Yet rather than give them two top notch songs by putting his sax skills on display to get other labels to sit up and take notice and drive his future price up even further, he allowed Linwood Sutton, a vocalist in his band presumably, to handle the lead on a poorly executed out-of-date effort called Camel Walkin on the other side of this single.

Surely that will mean THIS side will be something that showcases Singleton’s horn prowess in full effect.

You’d think so, wouldn’t you, but you’d be wrong, because on the all too appropriately titled Hard Times Are Coming Sutton is intruding on the proceedings once again, in the process leaving us with far more questions than answers regarding Singleton’s intentions as an artist and a businessman.


Can’t Save A Dime
Being generous to your associates can be a kind gesture from a bandleader looking to make sure everyone in their employ feel appreciated. But after listening to Sutton butcher two songs in two attempts you realize that the band would probably feel a lot more appreciated if they remained steadily employed and the way to do that would be to put Linwood Sutton on ice.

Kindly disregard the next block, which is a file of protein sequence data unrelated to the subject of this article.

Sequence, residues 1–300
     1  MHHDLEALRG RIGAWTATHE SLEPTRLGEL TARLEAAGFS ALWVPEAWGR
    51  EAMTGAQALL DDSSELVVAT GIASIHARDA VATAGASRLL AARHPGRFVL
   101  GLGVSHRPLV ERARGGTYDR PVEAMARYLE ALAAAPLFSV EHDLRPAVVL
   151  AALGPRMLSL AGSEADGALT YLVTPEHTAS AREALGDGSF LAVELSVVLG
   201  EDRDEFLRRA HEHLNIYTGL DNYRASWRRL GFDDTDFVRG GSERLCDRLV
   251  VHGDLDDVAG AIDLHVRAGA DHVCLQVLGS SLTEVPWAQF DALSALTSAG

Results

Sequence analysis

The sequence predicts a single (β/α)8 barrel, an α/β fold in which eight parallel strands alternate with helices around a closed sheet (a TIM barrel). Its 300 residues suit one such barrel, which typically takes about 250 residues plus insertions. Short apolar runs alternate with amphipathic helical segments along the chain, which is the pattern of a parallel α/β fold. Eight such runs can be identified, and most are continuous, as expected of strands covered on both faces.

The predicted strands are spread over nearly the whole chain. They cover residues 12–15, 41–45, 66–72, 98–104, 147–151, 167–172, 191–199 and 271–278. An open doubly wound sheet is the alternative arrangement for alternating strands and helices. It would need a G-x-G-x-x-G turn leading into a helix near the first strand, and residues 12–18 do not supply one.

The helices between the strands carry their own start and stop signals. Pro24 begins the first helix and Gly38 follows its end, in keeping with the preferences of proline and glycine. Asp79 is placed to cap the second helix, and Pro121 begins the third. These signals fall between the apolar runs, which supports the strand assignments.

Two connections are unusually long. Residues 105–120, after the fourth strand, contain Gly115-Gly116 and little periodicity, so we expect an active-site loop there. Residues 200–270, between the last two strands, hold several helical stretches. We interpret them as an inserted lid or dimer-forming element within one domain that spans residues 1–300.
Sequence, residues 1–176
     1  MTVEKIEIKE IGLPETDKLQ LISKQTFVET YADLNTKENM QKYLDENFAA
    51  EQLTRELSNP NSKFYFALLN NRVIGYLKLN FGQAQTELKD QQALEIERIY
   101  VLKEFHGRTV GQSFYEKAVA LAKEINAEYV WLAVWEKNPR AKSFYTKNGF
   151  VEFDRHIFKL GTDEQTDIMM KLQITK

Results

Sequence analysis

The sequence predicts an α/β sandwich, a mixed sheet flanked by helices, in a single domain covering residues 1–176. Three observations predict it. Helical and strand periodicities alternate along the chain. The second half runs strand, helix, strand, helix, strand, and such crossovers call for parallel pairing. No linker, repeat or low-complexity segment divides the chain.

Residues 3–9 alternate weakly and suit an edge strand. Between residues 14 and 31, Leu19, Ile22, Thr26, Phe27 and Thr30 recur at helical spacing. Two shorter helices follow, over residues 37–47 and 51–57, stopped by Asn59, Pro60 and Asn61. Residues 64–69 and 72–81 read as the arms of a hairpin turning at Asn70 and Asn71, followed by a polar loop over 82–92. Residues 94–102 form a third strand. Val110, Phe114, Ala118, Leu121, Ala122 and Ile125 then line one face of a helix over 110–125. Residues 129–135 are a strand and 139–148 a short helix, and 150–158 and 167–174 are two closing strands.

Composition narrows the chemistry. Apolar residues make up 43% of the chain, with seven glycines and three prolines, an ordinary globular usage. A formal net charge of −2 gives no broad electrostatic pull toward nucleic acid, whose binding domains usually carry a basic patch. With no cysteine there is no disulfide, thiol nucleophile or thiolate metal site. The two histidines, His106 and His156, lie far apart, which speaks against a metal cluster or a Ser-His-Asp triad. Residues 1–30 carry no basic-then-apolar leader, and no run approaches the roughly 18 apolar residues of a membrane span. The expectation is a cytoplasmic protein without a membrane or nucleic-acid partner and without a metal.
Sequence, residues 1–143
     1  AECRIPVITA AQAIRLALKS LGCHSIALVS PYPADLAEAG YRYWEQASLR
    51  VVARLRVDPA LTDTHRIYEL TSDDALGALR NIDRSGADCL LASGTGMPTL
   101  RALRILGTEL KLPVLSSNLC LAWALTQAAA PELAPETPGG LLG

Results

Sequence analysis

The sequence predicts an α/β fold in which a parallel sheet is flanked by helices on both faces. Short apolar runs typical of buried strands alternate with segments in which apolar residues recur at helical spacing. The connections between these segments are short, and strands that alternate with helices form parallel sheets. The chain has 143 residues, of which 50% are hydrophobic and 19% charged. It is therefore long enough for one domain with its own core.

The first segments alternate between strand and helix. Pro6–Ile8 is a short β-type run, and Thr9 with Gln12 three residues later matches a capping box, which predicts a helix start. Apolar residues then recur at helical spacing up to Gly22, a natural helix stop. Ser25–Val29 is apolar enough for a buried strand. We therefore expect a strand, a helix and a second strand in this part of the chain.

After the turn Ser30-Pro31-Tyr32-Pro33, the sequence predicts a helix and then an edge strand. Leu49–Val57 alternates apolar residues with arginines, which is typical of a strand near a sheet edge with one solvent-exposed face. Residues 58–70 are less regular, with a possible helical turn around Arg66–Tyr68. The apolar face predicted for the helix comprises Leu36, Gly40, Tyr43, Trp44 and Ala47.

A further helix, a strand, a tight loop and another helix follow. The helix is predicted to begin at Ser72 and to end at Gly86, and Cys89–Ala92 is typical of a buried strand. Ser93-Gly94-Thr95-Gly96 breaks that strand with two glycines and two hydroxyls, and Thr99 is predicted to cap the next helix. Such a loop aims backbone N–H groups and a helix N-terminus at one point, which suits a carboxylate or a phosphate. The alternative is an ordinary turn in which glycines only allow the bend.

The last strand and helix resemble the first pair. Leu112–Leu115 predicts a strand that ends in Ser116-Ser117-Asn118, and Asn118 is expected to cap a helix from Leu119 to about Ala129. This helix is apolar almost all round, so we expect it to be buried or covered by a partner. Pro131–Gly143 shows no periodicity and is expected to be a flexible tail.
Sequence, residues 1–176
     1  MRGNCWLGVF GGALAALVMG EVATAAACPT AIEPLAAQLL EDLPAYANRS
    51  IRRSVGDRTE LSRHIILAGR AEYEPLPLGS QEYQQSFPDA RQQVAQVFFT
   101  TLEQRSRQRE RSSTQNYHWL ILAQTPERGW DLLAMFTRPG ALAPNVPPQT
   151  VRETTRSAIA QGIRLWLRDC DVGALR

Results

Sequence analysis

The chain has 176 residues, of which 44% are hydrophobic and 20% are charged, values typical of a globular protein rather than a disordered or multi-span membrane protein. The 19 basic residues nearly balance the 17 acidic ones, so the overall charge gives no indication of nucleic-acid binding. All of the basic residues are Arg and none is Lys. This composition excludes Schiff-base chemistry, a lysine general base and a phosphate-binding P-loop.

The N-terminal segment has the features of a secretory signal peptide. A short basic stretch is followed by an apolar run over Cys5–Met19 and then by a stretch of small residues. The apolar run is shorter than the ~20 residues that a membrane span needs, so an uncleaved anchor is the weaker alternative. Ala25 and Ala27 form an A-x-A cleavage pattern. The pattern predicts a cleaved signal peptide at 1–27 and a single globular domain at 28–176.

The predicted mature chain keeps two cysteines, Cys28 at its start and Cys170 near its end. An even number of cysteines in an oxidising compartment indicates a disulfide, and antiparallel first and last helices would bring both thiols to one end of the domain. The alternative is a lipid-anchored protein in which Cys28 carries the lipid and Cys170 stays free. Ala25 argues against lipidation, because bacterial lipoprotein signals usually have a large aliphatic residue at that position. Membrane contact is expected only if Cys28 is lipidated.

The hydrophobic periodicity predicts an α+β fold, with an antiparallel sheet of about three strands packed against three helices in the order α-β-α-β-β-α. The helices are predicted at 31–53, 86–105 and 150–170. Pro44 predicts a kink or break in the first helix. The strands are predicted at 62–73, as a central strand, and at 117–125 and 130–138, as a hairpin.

On the top side he was the weakest aspect of the record, not much of a singer to begin with who was being tasked with trying to impersonate some jazzy hipster from ten years ago which is not a role any singer, no matter how good they were, could pull off effectively, nor would the rock audience buy it even if he could manage it.

The song itself, while crippled by that mindset, at least had a decent concept even if they went about it all wrong, but the same definitely can’t be said for Hard Times Are Coming which even stripped of the out of touch argot that ruined the other side offers up nothing of any value here in its place.

The theme itself is fine, a guy bitching about lack of pay and high costs of living. Hardly an uplifting song but certainly applicable in any age… though maybe not so much for teenagers like Singleton and rock listeners who were getting younger and younger by the day.